(2) duty to control the pastor
The court noted that “generally, there is no duty to control the conduct of another to protect a third person from harm. An exception to this rule may arise where there is a special relationship between two persons which gives one control over the actions of another.” A “special relationship” can arise “where an off-duty employee’s negligent acts occurred on the employer’s premises” or “where the employer voluntarily and knowingly assumes a duty of control.”
The plaintiff alleged that the pastor molested her on his personal property, not on property belonging to the church defendants. She claimed that the church defendants had a duty to protect her from the pastor because it was aware of his prior abuse of minor congregants. But the court noted that “mere foreseeability is insufficient to establish a duty to control if the employee is not on the employer’s premises.”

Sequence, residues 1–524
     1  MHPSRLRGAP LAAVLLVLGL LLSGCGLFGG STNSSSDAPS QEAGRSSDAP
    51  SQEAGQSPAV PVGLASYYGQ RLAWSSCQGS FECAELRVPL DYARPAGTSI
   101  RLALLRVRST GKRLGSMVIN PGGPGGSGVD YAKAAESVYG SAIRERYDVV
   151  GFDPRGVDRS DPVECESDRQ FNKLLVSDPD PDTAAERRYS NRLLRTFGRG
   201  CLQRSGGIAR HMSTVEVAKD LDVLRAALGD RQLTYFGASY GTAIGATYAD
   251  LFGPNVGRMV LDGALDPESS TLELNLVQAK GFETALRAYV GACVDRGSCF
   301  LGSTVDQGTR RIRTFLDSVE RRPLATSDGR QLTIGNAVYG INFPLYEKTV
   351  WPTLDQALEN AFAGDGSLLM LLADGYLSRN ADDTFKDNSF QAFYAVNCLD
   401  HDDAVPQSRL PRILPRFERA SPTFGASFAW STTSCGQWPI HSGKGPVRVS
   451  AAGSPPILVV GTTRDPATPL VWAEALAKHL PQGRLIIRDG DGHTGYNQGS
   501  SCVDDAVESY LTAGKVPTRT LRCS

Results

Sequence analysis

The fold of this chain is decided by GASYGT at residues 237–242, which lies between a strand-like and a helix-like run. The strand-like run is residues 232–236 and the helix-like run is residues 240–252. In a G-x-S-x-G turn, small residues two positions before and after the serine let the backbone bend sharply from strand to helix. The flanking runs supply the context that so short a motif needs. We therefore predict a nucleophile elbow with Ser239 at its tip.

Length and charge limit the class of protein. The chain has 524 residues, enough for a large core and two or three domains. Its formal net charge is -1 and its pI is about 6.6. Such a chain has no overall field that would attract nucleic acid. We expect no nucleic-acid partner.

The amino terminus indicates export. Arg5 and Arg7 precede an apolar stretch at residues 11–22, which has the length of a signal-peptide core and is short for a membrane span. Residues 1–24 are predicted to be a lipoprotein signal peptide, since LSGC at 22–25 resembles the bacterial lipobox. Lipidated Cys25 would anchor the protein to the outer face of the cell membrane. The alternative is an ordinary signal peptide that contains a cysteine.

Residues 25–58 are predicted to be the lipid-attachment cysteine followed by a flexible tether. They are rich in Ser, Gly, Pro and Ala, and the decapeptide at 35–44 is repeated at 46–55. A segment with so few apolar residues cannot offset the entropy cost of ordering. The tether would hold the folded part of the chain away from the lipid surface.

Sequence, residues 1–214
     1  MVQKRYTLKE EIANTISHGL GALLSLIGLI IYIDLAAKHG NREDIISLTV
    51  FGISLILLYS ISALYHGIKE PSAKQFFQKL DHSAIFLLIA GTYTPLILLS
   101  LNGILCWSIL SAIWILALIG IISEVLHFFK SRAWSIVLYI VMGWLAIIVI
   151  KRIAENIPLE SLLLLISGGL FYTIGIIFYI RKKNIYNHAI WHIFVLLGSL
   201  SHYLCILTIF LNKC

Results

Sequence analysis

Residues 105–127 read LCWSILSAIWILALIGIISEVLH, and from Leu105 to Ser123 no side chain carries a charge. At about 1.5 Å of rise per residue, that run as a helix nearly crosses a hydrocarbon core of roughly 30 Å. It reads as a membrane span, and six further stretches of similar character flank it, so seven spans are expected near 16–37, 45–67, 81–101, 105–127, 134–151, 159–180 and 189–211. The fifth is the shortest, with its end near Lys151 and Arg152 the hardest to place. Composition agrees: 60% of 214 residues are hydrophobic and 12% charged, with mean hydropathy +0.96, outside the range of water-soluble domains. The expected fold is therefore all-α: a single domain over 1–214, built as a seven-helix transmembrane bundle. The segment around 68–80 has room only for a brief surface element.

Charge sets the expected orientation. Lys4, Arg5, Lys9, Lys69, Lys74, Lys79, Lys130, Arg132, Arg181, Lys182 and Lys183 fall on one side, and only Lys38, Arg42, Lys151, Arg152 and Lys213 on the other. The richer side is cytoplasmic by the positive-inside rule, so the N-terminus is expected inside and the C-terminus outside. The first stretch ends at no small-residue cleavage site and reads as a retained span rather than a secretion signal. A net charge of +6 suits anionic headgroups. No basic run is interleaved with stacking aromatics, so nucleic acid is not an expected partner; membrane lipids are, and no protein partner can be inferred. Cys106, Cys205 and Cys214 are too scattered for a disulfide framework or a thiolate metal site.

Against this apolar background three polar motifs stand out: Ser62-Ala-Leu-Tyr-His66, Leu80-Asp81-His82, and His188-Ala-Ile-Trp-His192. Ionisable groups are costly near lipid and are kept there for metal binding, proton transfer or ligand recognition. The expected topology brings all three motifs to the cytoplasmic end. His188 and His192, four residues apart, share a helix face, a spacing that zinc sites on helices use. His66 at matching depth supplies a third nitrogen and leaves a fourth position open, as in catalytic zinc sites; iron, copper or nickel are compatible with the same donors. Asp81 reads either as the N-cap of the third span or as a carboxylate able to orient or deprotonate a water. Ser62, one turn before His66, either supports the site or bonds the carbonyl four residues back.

The court concluded that there is no “special relationship” between the church defendants and the pastor giving rise to a duty “when he was not on the church’s premises or carrying out its business, and therefore the church had no duty to control him when he was … outside church activities.” As a result, “to the plaintiff’s negligence claim depends on the existence of a duty to control, that claim is dismissed.”
(3) duty to protect the plaintiff
The court noted that “to state a claim for negligence based on a duty to protect, the plaintiff must show the church voluntarily assumed an obligation to protect her in particular from the pastor. At this time, to the extent her negligence claim depends on the existence of a duty to protect, it is dismissed without prejudice.”
(4) duty to warn
The plaintiff claimed the church had a duty to warn members of the pastor’s dangerous propensities. The court disagreed: “[We find] no duty to warn distinct from a duty to protect exists in the context of institutional sex abuse cases. Accordingly, to the extent the plaintiff’s negligence claim depends on the existence of a distinct duty to warn, it is dismissed with prejudice.”